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Back to December Ed Reporter

Education Reporter
NUMBER 179 THE NEWSPAPER OF EDUCATION RIGHTS DECEMBER 2000

"Carpe diem!"
New education 'system' threatens 'American Dream'
Robin Williams starred in a movie as a professor who was willing to do anything to help his students "be all they could be." "Carpe diem" was his cry, and subsequently became their cry. Seize the day! Reach for the stars! Grab the American Dream! Don't let anything stand in your way.

Every day, illegal immigrants cross America's borders in pursuit of what we call the American Dream. For hundreds of years, America has been known as the land of opportunity, and jobs are the key to that opportunity.


Choice of Jobs 
Americans are shocked to learn that planning groups exist at every level of government, in every community in every state, planning the jobs they will hold in the future. This job planning has begun in the schools where the planners are building the new "system" leading to the "new economy."

With the passage of the federal School-to-Work Opportunities Act and Goals 2000 Educate America Act in 1994, then the Workforce Investment Act of 1998 (WIA), most states, including Missouri, bought into this new "system." At the state level, "education reform" bills and executive orders put this "system" in place. In 1993, Missouri's late Governor, Mel Carnahan, fought to secure passage of the Outstanding Schools Act, which radically changed how Missouri schools would operate. It was followed by a number of Executive Orders issued by the Governor to implement the WIA and move Missouri schools further into the "system" of top-down command and control.

The WIA requires each state to establish Workforce Boards whose mission is to allocate resources, fill job vacancies and train workers for jobs the state determines will be needed in the future. In the schools, students beginning in kindergarten are taught about the jobs that need to be filled, and by ninth grade, are expected to have chosen a "career path." Building on the "system" of School-to-Work (Careers), school counselors place students in the workforce during school hours using data supplied by the federal/state Labor Market Information System. Computers enable the planners to process vast amounts of personal, educational, financial and attitudinal data, so as to fine-tune the school guidance counselor's "suggestions" to students about which careers to choose.


How the 'System' Works 
In the St. Louis region, "A committee of public and private interests met to begin launching a strategy resulting in a coordinated, bi-state (eastern Missouri and southwestern Illinois) system that develops and continuously improves the region's human capital . . . .1 (Emphasis added.)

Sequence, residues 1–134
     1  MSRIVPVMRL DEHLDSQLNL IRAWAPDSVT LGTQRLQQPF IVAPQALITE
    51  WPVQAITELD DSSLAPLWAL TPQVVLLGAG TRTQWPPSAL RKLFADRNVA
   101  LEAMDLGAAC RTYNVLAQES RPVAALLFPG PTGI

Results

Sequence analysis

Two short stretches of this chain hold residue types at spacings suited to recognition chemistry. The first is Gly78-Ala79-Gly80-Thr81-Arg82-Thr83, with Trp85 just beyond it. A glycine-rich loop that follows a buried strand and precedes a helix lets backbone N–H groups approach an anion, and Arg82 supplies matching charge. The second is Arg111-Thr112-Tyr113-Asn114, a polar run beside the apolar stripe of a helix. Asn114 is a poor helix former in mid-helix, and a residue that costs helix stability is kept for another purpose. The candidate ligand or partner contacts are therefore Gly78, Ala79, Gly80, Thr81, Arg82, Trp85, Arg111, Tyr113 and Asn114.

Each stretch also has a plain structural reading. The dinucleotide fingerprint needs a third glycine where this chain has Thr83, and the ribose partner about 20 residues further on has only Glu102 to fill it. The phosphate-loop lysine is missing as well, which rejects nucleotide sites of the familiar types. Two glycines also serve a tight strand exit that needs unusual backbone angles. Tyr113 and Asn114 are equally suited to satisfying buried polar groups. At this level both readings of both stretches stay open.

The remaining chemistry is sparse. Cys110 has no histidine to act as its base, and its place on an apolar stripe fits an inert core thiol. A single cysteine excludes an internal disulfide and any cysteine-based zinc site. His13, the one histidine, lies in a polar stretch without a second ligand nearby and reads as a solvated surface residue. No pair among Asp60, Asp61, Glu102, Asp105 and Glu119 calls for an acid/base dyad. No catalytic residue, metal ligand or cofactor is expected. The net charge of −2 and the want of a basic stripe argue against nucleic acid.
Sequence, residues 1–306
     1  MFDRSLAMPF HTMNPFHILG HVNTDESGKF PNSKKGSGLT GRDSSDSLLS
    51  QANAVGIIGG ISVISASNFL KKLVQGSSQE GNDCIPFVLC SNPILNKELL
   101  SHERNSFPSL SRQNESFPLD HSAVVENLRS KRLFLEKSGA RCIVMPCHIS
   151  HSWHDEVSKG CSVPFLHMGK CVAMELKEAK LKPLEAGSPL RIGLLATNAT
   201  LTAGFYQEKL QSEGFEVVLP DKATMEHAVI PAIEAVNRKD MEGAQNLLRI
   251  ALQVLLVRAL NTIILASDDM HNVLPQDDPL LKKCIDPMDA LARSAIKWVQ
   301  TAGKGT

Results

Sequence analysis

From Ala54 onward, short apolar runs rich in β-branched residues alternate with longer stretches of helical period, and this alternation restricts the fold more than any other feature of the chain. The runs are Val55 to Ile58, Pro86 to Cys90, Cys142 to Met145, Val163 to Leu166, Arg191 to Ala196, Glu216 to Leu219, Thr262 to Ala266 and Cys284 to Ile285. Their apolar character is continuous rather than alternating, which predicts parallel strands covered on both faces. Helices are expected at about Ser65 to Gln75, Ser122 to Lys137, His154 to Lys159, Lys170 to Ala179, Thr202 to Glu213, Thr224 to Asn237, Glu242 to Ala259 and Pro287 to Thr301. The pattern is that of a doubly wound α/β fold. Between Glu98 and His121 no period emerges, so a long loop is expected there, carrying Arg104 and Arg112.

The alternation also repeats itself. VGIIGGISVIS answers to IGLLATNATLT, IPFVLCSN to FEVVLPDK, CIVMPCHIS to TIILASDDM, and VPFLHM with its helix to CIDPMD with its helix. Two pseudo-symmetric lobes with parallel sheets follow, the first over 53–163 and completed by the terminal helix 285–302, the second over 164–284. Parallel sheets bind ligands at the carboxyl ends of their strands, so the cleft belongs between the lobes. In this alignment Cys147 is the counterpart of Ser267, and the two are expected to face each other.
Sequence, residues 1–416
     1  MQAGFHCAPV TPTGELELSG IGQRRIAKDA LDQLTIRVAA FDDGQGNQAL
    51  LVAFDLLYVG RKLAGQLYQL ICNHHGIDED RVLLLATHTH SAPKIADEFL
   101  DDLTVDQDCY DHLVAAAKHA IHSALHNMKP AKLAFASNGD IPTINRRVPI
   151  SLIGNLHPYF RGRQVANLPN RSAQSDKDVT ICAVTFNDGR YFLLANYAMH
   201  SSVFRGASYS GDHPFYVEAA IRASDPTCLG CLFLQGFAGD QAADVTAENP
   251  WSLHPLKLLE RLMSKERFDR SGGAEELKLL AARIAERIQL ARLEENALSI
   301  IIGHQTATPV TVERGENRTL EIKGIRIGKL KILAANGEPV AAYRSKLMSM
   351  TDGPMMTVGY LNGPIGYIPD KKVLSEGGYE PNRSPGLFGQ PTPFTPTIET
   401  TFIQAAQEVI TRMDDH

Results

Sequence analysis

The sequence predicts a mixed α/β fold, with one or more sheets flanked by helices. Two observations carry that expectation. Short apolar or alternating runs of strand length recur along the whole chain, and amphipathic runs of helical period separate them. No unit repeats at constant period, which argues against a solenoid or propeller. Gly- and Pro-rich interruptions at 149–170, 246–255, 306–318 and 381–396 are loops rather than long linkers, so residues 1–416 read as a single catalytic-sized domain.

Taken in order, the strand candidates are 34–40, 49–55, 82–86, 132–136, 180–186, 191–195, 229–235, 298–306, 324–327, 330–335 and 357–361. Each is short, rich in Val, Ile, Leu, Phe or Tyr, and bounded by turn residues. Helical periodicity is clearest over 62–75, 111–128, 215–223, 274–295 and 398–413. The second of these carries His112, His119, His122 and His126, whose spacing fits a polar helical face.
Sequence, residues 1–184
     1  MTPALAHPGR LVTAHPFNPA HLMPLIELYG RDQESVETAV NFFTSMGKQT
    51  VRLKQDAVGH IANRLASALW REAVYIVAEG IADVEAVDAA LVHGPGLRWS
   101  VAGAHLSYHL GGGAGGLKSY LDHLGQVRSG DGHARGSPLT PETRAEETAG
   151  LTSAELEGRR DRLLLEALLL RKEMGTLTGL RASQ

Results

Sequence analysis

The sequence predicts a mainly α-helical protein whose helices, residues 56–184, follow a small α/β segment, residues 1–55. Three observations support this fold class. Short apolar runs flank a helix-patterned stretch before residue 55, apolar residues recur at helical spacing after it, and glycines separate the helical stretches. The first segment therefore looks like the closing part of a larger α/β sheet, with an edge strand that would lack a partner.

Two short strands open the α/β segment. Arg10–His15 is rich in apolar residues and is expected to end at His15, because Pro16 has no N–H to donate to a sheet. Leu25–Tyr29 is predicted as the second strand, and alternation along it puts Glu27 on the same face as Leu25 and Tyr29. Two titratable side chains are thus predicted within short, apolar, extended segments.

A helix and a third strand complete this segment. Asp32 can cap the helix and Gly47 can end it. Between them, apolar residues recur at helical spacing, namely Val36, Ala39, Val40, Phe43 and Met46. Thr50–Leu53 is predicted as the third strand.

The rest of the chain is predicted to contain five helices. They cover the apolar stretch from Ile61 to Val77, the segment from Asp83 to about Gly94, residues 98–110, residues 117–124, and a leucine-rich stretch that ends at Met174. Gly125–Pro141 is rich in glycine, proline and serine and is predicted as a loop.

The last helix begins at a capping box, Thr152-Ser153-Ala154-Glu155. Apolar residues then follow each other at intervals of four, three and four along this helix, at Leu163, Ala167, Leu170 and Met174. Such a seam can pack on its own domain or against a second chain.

The Committee's report noted that "leaders [must] . . . emphasize the need to build up existing human . . . capital."1 "Because the new economy differs markedly from the old . . . the mission . . . is to build a . . . coordinated, collaborative system that develops and continuously improves the region's human capital."

How is it possible for government to command and control human beings? The report's "Workforce Development Strategy Goals" states: "Support early childhood initiatives to ensure that children are ready to learn at an early age," and "Develop a regional workforce intelligence system to accurately track and monitor workforce demand for the growth and retention of business."


Government Nanny 
"Early childhood initiatives" are government initiatives designed to control early childhood care. How will government agents ensure that you are doing a good job taking care of your child? Home visits? Parent exams? Observations by young social workers who have no children of their own? The systems in place to ensure that children are "ready to learn" when they enter school include record keeping on both parents and children.

Missouri's "regional workforce intelligence system to track and monitor demand" will succeed only if the government has exhaustive and extensive personal information on every individual. Using the Missouri One Stop Information System (MOSIS) software, computers sort and track the information necessary for the state to "guide" a child or adult into the job or "career" for which state planners have determined a need.


The School's Role 
The Outstanding Schools Act opened the door for the Missouri School Improvement Program and the Accreditation Standards for the Public School District. In July 1997, the Missouri Department of Elementary and Secondary Education (DESE) published the Standards and Indicators Manual, containing all the mandates that local schools must follow in order to continue receiving state/federal dollars. If a school district does not meet the standards, the state can wipe the district off the map, merge it with another district or take it over.